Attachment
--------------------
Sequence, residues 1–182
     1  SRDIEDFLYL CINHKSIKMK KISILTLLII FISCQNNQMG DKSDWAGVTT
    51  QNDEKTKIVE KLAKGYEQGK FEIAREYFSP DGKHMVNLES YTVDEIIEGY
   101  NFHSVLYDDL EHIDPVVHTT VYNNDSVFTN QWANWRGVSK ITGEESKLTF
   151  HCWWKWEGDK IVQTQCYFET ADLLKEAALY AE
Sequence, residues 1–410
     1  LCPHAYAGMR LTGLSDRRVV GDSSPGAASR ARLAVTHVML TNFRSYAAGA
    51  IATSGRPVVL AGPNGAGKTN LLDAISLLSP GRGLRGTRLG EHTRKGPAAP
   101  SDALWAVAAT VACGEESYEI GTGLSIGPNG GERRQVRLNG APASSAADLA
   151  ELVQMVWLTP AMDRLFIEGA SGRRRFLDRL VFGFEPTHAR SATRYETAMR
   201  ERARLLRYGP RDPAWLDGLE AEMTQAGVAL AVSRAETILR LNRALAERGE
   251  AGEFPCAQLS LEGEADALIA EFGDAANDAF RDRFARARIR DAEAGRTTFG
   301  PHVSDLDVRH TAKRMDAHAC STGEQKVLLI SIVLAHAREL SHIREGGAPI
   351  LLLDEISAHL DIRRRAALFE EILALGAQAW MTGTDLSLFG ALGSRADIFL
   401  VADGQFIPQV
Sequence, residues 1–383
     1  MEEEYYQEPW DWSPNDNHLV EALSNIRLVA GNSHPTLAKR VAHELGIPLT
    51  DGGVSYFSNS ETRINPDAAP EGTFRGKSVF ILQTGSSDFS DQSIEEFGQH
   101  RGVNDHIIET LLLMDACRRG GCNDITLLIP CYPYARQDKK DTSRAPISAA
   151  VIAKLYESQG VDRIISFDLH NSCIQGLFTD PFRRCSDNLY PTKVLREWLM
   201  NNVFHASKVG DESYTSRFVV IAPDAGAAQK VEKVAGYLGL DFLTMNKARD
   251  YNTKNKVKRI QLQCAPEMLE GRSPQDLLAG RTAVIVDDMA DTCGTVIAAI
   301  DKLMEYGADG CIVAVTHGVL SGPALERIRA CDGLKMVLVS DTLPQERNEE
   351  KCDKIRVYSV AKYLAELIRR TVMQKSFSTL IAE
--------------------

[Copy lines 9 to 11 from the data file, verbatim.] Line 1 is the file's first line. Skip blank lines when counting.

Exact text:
   101  SDALWAVAAT VACGEESYEI GTGLSIGPNG GERRQVRLNG APASSAADLA
   151  ELVQMVWLTP AMDRLFIEGA SGRRRFLDRL VFGFEPTHAR SATRYETAMR
   201  ERARLLRYGP RDPAWLDGLE AEMTQAGVAL AVSRAETILR LNRALAERGE